If you don’t give a preference to Labor, then your vote may end up exhausting at a point when the 3rd Labor candidate is competing with someone for the final seat, possibly someone you like less.

    Your vote probably won’t flow because the Greens are unlikely to poll a full quota, so the Greens will either get elected to one of the last seats without any preferences to pass on, but are also strong enough that they’re unlikely to get knocked out until right at the end of the count if they lose. If the Greens lose it will probably be to the 3rd Labor candidate.

    But it is theoretically possible the final race could end up with Labor vs Coalition and your vote, if it hasn’t been fully used up, could end up exhausting, when it could otherwise flow to Labor. Probably that’s most likely if the Greens have a big swing towards them and poll over a quota, or if their vote collapses.

  9. @Ben how’s the current breakdown looking for this:
    – 2 LNP
    – 2 Labor
    And last 2 up for grabs?
    Jason Yatsen-Li who is the former Labor candidate for Bennelong, and is 3rd on the Labor ticket in NSW, has been doing a lot of joint fundraisers with the Labor Candidates for Reid and Banks, tapping into community ties. However, I’m doubtful he can get enough below the line votes to get across the line.
    I do think though he will pick up the 3rd spot, as the Greens vote Federally has not been gaining traction, with it either going back to Labor or going to Independents like Stegall.
    David Shoebridge is quite a qualified candidate for the Greens but I think NSW voting tendencies would want a decisive vote for Labor if the wing is on
    I’m thinking the final spot goes to either One Nation or UAP. Especially, how well Latham did at the NSW election (picking up 2 spots)- is this feasible? Especially if preferences are horded between the minor right wing parties.
    The above comments seem to neglect the fact that when there is a swing to a Centre-Left government, the right normally splits and this creates a vacuum for minor right wing parties like One Nation, Shooters, CDP, Family First, etc. to then spring up.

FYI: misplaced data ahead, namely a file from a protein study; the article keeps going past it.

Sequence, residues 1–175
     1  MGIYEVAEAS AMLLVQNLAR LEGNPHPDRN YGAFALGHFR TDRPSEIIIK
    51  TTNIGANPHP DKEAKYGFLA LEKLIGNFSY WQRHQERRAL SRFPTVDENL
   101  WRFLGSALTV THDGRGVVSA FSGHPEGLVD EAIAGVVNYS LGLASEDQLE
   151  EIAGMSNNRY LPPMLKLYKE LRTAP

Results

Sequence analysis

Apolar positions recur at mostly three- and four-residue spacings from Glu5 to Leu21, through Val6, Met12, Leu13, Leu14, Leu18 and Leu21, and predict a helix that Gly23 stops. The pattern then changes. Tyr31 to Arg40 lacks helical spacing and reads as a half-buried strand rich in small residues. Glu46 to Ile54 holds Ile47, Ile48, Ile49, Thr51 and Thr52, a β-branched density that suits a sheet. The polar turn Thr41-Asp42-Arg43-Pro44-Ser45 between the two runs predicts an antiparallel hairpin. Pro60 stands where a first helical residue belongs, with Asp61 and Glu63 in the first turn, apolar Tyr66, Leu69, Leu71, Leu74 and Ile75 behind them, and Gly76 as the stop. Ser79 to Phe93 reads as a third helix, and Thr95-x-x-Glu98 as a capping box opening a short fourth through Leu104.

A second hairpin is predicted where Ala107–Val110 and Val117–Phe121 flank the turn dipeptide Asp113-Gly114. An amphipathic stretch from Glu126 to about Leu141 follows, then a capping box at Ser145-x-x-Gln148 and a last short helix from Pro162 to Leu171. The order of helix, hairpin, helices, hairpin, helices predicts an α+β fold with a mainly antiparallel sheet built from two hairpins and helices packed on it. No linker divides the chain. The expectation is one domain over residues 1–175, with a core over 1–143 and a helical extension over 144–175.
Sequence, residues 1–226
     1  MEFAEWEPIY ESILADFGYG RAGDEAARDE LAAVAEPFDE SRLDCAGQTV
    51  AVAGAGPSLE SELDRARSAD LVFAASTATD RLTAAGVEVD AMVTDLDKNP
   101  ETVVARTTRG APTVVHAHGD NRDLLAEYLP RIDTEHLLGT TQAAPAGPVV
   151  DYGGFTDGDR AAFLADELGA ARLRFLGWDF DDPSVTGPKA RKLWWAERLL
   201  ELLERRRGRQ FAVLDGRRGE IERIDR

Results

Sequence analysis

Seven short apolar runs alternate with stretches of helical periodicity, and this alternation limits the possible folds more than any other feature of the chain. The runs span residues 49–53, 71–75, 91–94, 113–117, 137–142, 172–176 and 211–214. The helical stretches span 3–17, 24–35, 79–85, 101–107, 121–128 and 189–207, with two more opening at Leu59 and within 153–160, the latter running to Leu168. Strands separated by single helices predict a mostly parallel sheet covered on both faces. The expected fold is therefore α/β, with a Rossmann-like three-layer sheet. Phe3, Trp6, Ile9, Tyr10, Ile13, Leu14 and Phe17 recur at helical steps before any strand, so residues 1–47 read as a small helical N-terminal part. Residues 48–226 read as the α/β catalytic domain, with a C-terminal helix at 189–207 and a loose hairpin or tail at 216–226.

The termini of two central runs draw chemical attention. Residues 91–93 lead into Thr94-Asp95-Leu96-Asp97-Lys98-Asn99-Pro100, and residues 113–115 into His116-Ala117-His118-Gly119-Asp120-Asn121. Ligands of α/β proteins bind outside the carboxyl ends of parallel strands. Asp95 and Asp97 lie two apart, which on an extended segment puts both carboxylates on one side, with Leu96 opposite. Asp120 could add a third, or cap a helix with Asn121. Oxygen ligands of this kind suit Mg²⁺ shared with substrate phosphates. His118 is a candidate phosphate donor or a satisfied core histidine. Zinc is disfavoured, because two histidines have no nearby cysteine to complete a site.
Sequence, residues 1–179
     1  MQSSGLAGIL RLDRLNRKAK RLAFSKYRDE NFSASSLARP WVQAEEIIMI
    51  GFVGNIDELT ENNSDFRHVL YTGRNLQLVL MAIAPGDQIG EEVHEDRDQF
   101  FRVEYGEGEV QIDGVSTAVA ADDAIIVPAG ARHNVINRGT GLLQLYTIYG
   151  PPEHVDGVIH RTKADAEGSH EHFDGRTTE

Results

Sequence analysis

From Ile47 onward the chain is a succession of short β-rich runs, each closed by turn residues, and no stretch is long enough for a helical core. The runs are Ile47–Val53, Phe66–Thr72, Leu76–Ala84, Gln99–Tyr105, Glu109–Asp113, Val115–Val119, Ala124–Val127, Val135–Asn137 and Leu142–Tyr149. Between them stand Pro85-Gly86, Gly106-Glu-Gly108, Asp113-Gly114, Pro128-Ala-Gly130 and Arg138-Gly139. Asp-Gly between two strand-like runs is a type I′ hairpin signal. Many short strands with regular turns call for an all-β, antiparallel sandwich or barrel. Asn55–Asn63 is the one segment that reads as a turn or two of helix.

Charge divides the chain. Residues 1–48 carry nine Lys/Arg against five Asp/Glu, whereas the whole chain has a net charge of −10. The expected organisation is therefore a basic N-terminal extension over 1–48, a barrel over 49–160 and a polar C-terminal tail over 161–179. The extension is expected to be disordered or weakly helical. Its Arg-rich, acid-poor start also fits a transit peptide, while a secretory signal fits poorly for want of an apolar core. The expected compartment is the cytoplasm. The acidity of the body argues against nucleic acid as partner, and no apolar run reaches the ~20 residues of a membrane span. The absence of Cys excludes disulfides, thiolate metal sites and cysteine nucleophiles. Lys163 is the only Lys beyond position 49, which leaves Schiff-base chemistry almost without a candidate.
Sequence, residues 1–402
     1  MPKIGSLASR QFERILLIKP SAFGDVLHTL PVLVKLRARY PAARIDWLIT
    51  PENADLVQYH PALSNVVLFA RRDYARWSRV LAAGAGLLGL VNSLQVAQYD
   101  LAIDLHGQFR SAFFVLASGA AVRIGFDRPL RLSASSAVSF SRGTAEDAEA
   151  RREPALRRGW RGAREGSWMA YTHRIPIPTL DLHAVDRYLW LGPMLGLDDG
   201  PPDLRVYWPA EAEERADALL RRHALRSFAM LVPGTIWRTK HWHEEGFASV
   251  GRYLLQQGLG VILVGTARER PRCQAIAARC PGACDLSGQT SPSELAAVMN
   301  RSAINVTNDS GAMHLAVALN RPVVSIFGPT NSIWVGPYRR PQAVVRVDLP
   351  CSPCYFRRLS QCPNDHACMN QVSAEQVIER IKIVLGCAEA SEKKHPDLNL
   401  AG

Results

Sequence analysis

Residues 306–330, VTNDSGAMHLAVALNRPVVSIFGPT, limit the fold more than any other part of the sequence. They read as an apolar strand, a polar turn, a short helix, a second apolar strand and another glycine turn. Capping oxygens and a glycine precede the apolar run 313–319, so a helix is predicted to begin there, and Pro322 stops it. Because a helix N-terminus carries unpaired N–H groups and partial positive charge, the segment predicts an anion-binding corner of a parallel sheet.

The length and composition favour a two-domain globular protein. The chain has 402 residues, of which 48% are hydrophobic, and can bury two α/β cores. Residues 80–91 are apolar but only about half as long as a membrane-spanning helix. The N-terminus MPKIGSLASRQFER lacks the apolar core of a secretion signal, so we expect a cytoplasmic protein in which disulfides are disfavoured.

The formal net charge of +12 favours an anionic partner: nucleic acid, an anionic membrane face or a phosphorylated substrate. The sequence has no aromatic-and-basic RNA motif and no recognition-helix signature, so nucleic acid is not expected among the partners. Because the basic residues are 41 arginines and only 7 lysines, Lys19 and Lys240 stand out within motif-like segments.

So that would mean:
    – 3 x ALP
    – 2 x LNP
    – 1 x PHON

  10. UAP/ON will get up for sure imo. Whether the Greens do is harder to say, but I’m optimistic. Labor really would have to do fantastically well, and the Greens would need to bomb pretty hard- they collect a lot more micro-party preferences in NSW than they do in Queensland. It’d be quite a turnaround after the gains they just made in the locals.

  11. The big question is whether the UAP and ON do a preference swap – if they do, then they have a damn good chance of one of them getting a seat – especially if you add the LDP to the mix. Does the Clive / Campbell love in extend beyond Queensland? 2 Lib, 2 ALP, 1 Green and 1 from the populist right seems a definite possibility. And this could happen across the country.

  12. Has Labor shown its hand already conceding it will only be able to win a maximum of 2 Senate seats in NSW?
    Given that its initial 3rd listed candidate, Kristina Keneally, is now running for the seat of Fowler, and her replacement on the ticket, Jason Yat-Sen Li, has now vacated this spot to run for the state seat of Strathfield.
    Not a very good look.
    Apparently polling in NSW for Labor is still pretty low (not that LNP vote is that much higher), and Albanese has not had too much progress in improving name recognition and repairing Labor brand. I think for a start, he can probably get rid of that oversized akubra he insists on wearing in press conferences (even when he is in metropolitan Sydney)

  13. I think the reason Labor is likely to only get 2 seats is because of the Greens rather than the Coalition. It’s a tall order for Labor to get three quotas before the Greens get one (or for Labor + Greens to get four of six seats).

  14. It’s very difficult for Labor to get 3 seats in most states due to how strong the Greens vote is. However, the Coalition getting 3 seats is pretty normal as there aren’t any minor right-wing parties that have a vote as strong as the Greens (except for One Nation in Queensland).